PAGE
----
Board renewal strategies

Term limits mean that there is a requirement for continual board renewal. In these instances planning for succession should be clearly identified as a required organisational activity. Predetermined time-bound decisions need to be made about replacements, facilitating discussion and decisions about the prerequisite criteria for new board members, and the development of human resource management strategies for recruitment. If well managed, the planned turnover has the potential to bring in new people, with innovative ideas, new and expanded networks and relationships, and associated sources of revenue (Yeh and Taylor, 2008). Renewal and succession planning can be used to ensure that board has members with the optimal mix of skills and experience for their respective organisation’s goals and aspirations.

The consideration of designating appropriate limits on board service to ensure timely renewal of board members is one way to address the concerns outlined in the previous section, but there are also other methods that can be used to achieve positive outcomes. For example, as mentioned earlier, many Olympic sport organisations face particular challenges with respect to board composition as many sports board members are elected in line with federated model requirements or representative structures, or, in some cases, to recognise length of service. In order to address this, it is becoming increasingly common in National Federations to be able to directly appoint (versus elect) directors to the Board in order to address skill gaps. The Australian Sport Commission provides this advice:

An NSO board, through its nominations committee, should have a clear process to determine the skills mix of directors required to carry out the board’s governance role at any point in time. NSO boards need to have the ability to appoint directors to address gaps, and board-appointed directors should have the same terms as elected directors.

The IOC has a Members Election Commission, comprising of at least one representative of the IOC Ethics Commission and one representative of the IOC Athletes’ Commission. This Commission examines each candidature file and forwards these in the form of a report to the IOC Executive Board. The IOC Executive Board proposes candidates to the IOC members who then elect these by secret ballot. In the past, the criteria for what constitutes a suitable candidate has not been discussed, nor have the criteria been made public. However, as a consequence of Olympic Agenda 2020 recommendation 38, the IOC Members Election Commission will take a more proactive role in identifying the right candidates to fill vacancies in order to best fulfil the mission of the IOC. The Commission will identify the fields where there are or will be a lack of expertise in the Membership to then conduct a recruitment process, including interviews if required, to fill the identified gaps.

The Il’C elects its Governing Council from its members and this is done by secret ballot. There are no criteria to guide who may be nominated or criteria for the members to use to differentiate candidates.

Another approach to facilitating effective board renewal is through having a programme of systematic board member development, which includes providing training for board members in aspects of governance and strategy. For example, in 2018, the Executive Board of the IOC decided to conduct self-assessments and regular information sessions for each of its members, aimed at optimising their skills and expertise to effectively face current and future societal, political, and technological governance challenges. The activities undertaken included:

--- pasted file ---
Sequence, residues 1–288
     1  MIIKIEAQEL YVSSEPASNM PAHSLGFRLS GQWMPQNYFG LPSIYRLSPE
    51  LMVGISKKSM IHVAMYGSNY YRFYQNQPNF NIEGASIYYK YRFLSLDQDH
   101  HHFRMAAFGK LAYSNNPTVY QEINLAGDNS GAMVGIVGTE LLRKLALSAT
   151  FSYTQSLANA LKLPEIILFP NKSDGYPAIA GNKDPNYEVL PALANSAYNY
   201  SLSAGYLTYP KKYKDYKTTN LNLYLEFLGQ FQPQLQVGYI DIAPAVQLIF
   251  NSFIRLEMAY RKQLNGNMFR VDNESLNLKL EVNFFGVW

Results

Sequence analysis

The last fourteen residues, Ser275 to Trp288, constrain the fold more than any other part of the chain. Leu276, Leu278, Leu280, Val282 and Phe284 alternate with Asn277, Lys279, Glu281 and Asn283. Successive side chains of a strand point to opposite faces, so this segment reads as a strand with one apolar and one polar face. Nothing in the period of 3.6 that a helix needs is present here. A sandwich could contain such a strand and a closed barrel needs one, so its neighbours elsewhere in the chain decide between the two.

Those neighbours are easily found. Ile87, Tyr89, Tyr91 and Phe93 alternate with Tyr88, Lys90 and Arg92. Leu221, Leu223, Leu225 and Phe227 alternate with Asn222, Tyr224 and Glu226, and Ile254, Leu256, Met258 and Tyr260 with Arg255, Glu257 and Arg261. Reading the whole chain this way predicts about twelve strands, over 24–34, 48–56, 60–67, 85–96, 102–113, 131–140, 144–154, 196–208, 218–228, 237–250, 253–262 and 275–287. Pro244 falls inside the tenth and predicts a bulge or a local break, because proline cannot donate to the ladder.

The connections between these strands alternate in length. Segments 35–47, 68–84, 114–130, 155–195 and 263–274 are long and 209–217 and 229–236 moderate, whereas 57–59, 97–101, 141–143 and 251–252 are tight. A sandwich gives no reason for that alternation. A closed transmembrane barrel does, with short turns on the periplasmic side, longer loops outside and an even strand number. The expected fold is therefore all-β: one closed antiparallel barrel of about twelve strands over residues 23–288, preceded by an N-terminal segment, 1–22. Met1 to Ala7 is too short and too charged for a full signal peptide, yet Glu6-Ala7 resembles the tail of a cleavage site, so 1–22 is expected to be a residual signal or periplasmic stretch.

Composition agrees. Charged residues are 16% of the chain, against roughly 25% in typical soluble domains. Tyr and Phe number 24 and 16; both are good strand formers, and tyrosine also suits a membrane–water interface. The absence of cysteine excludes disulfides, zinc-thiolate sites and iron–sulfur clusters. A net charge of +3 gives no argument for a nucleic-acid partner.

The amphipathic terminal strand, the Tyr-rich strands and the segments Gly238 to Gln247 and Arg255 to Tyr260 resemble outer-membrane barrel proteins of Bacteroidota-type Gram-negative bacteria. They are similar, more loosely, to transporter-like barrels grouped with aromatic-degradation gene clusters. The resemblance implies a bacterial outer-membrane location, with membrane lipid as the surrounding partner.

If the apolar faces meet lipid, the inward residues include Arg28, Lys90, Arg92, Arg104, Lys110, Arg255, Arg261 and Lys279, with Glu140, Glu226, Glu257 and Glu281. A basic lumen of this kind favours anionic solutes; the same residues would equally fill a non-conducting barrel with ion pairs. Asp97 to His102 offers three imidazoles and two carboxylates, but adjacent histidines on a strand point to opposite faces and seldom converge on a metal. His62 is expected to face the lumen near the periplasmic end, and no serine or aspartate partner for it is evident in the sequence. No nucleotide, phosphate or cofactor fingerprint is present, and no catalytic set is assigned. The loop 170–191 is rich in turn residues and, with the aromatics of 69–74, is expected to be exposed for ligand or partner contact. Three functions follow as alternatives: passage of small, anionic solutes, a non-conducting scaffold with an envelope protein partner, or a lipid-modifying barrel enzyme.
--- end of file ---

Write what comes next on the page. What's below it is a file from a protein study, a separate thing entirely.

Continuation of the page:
• • Education about the updated staff regulations, which strengthen existing formalities and include a robust code of conduct, based on the IOC Code of Ethics;
  • • An e-learning module on ethics for all staff;
  • • An awareness programme (including real-life scenarios, as well as past experiences) on all ethical matters, including conflicts of interest, delivered to all the IOC Members, IOC staff, and directors;
  • • Information about the dedicated ‘Alert Transmission Mechanisin’, which IOC staff must use in the event of concerns about possible unethical conduct to alert the Ethics and Compliance Office;
  • • Customised ethics training for IOC Members; and
  • • Wide dissemination of the Code of Ethics across various stakeholder groups.

If this type of activity is supported with a performance appraisal and evaluation process, an organisation can ensure that board members are up to date with the sporting context, the issues facing the organisation and their role in dealing with these. A board review process should be undertaken annually and provide an opportunity for the board to reassess not only the contributions of departing board members, but also assess the skills, experience, and knowledge represented on the board, and to plan board development accordingly. When boards evaluate their qualifications and performance, they should consider the specific skills required for the board, its committees, and individual directors to carry out their responsibilities effectively. In their assessment, boards need to determine the extent to which those skills exist and whether they have been properly exercised or if there is a need for any skills improvement. Then the board, or a subset of the board, can craft a plan to address the board’s talent needs. For example, new directors with specific identified experience and expertise might be recruited to succeed board members whose terms are coming to an end.

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